Cheney Firm Overcharged Army by Pounds 39m

Article excerpt

US Vice President Dick Cheney's former company may have overcharged the Army by as much as pounds 39 million for petrol in Iraq, Pentagon auditors have found.

The firm, Halliburton, apparently did not profit from the possible overcharges, officials said. The problem was that Halliburton may have paid a subcontractor too much for the petrol in the first place.

Pentagon officials said the Halliburton subsidiary involved in Iraq reconstruction work, Kellogg, Brown & Root, also submitted a proposal for cafeteria services that was pounds 40 million too high.

The defence officials said they had no reason to believe the problems were anything other than 'stupid mistakes' by Halliburton.

Houston-based Halliburton pledged to cooperate with the inquiry.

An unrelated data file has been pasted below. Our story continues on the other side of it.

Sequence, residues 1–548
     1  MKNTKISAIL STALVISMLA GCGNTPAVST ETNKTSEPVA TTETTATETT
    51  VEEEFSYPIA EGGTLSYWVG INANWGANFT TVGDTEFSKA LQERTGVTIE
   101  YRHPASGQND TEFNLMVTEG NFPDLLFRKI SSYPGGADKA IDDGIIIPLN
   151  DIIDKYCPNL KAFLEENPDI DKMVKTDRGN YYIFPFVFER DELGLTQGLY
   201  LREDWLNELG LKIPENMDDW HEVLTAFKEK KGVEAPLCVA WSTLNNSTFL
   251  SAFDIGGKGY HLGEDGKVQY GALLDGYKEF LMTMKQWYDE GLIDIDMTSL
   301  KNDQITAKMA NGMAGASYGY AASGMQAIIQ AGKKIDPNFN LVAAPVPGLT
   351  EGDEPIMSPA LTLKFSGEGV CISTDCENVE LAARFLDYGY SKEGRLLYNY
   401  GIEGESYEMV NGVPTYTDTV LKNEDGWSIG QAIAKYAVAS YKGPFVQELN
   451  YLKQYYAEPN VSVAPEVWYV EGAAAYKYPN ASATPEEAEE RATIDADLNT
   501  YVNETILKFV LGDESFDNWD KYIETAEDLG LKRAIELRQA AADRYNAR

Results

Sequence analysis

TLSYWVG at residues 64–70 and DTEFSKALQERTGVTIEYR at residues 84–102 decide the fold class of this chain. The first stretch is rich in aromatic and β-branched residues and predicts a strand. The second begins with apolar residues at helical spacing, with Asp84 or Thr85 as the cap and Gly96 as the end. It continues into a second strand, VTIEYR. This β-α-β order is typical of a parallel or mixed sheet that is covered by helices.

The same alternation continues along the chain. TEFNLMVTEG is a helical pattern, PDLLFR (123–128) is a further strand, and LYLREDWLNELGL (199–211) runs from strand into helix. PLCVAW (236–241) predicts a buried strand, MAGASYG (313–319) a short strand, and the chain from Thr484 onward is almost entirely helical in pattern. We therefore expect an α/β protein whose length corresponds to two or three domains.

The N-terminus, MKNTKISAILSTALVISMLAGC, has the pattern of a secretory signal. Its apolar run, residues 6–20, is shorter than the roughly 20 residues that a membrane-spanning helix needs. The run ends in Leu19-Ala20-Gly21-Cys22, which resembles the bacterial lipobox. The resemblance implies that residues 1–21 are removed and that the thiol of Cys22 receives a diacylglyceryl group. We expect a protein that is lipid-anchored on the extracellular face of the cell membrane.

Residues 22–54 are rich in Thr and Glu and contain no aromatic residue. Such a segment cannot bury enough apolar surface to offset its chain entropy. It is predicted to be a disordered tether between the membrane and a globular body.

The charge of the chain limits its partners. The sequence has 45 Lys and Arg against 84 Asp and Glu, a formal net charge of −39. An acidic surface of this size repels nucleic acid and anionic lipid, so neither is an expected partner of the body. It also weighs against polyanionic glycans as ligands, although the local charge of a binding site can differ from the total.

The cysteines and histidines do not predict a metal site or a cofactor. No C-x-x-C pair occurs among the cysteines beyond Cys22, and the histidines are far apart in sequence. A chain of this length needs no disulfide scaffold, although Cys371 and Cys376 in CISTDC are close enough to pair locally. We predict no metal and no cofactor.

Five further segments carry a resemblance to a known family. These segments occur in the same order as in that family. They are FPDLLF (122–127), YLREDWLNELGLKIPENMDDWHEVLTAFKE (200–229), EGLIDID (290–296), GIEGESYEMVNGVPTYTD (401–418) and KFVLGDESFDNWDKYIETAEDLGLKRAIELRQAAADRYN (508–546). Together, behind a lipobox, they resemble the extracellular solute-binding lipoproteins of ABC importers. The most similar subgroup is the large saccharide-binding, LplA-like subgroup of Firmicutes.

'We expect and want continuing reviews and audits that detail our work in Iraq,' Dave Lesar, Halliburton's chairman, president and chief executive officer, said in a statement. 'Any contract that is this large and grows this fast is, of course, going to be subject to question.'

News of the problems came as President George Bush worked to justify his decision to limit Iraq reconstruction contracts to companies from the United States or countries that supported the war.

The move angered governments whose firms were cut out of the bidding process, including France, Germany, Russia and Canada.

Many prominent Democrats also have criticised the Halliburton contracts specifically, suggesting they were a political payoff for a company with strong ties to Mr Bush's Republican party and whose executives gave generously to the Bush campaign.

Democratic Senator Frank Lautenberg called for Senate hearings on the Pentagon's findings.

'I have long been troubled by the continued growth of the Pentagon's no-bid contract with Halliburton, and the delay in the Pentagon's promise to compete this contract competitively,' Mr Lautenberg wrote to Senate Government Affairs Committee. …